People said their needs were met by staff, that were knowledgeable about their rights and preferences. People were supported to raise concerns and where this was done, people’s concerns were investigated and action taken.

People liked and knew the registered manager and staff reported they enjoyed working at the home and felt part of a team. Staff felt empowered to share their ideas to help improve people’s care and worked with other stakeholders to improve people’s experience of care.

Further information is in the detailed findings below.

Inspection carried out on 22 November 2016

During an inspection looking at part of the service

We carried out an unannounced comprehensive inspection of this service on 20 May 2015. After that inspection we received concerns in relation to some aspects of the safety of the service. In response to this we undertook an unannounced focused inspection of this service on 22 and 25 November 2016 to look into these concerns. This report only covers our findings in relation to this focussed inspection which looked at whether the service was safe. You can read the report from our last comprehensive inspection by selecting the ‘all reports’ link for Silver Birch on our website at www.cqc.org.uk.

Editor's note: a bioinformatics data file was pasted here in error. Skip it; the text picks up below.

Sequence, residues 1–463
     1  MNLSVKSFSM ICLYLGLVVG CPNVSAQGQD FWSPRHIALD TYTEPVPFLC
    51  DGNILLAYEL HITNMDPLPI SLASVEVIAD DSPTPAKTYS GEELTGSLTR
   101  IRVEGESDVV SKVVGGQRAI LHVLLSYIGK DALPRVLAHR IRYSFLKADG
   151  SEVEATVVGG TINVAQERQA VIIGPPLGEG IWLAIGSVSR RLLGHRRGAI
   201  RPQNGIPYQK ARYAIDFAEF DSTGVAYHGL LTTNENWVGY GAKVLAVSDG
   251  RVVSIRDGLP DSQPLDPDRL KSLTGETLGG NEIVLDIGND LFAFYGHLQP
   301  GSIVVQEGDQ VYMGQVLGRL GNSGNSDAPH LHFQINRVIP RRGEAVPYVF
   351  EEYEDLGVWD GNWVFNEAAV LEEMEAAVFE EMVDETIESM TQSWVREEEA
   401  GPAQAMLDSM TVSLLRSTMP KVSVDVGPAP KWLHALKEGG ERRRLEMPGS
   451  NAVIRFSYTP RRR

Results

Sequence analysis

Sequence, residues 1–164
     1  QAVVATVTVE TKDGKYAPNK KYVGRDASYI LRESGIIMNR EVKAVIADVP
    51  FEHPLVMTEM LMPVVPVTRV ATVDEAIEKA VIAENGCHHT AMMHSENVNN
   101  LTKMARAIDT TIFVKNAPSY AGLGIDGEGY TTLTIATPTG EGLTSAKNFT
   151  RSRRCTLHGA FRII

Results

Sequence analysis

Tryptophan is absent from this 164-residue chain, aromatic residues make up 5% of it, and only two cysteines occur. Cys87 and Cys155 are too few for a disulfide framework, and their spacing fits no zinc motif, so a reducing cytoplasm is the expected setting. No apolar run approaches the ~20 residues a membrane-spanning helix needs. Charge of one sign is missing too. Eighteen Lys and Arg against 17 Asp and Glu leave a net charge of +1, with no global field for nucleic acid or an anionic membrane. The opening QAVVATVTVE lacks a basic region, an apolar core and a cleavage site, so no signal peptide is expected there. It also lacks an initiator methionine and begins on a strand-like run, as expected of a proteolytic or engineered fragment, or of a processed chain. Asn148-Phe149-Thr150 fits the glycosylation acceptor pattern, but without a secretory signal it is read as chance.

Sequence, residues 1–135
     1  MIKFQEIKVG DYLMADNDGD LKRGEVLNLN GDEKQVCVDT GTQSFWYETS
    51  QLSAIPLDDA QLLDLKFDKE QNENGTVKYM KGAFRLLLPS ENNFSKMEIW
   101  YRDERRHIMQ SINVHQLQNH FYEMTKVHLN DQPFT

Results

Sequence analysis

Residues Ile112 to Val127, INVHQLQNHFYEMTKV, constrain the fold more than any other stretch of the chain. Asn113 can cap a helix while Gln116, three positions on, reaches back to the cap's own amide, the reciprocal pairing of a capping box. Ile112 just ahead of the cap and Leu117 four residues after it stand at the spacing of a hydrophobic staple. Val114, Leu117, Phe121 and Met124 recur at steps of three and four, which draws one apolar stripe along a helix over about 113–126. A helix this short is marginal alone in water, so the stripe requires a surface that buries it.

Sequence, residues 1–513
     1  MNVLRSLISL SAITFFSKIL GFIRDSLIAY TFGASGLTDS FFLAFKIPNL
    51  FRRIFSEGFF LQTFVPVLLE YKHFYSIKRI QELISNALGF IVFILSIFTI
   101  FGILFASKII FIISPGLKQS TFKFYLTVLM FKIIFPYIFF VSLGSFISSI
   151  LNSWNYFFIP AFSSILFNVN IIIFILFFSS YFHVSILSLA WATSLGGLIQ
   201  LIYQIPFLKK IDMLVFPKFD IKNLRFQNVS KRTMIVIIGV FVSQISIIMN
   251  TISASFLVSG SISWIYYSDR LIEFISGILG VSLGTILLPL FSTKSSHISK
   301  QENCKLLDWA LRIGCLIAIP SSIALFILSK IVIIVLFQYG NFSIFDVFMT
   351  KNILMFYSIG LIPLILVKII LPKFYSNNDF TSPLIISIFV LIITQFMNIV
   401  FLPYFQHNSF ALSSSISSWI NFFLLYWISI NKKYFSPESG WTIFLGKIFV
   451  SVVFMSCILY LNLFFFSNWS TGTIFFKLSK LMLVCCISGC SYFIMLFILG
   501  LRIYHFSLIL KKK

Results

Silver Birch provides accommodation without nursing for up to seven people who are living with learning disabilities and have sensory impairments. At the time of the focussed inspection seven people were living at the home.